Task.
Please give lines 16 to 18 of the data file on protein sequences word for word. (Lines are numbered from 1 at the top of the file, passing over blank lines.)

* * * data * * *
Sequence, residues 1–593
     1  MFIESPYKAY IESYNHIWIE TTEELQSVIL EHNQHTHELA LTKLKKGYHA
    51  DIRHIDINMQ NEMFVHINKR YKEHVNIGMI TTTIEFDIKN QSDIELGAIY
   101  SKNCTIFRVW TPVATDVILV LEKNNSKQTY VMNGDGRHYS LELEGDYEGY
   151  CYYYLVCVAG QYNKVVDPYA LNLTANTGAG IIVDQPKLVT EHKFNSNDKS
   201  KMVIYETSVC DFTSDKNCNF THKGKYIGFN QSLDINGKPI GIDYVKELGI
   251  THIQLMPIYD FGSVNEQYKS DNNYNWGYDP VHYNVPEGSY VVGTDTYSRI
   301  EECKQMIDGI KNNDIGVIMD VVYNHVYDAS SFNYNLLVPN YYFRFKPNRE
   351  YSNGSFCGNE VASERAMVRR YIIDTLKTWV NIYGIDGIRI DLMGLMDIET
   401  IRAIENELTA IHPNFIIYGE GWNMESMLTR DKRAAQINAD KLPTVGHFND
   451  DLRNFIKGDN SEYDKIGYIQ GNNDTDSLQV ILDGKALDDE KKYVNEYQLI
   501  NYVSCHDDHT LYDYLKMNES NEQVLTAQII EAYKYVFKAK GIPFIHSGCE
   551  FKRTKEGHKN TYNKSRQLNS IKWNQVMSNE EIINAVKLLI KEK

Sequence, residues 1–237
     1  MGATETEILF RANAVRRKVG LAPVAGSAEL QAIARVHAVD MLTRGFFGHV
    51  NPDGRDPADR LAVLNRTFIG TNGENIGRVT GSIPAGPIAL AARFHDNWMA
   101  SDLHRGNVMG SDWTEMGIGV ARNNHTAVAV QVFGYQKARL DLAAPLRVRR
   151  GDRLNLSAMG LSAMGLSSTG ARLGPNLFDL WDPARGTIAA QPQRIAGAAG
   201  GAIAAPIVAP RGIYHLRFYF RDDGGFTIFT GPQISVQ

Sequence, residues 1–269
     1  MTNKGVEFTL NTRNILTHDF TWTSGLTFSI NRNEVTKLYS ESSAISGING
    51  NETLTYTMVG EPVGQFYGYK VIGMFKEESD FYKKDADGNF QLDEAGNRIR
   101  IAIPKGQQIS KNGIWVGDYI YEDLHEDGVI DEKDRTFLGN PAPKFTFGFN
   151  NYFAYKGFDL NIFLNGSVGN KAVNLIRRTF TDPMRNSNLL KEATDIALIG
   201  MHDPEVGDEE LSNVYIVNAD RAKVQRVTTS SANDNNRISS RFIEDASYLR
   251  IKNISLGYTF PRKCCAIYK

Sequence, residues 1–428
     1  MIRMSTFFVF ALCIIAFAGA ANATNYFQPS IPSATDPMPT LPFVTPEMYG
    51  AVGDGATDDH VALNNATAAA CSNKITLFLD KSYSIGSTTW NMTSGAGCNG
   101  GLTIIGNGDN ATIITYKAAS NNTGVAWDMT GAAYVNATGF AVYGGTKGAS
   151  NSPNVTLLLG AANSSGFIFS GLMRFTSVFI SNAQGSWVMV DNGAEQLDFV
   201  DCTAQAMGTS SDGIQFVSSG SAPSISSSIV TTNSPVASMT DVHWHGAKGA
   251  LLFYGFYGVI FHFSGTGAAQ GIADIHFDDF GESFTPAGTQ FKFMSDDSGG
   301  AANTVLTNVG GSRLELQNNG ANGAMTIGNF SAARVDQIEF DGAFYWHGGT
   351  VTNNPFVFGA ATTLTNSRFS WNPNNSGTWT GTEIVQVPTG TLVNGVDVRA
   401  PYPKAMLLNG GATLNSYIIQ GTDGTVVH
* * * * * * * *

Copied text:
    51  NPDGRDPADR LAVLNRTFIG TNGENIGRVT GSIPAGPIAL AARFHDNWMA
   101  SDLHRGNVMG SDWTEMGIGV ARNNHTAVAV QVFGYQKARL DLAAPLRVRR
   151  GDRLNLSAMG LSAMGLSSTG ARLGPNLFDL WDPARGTIAA QPQRIAGAAG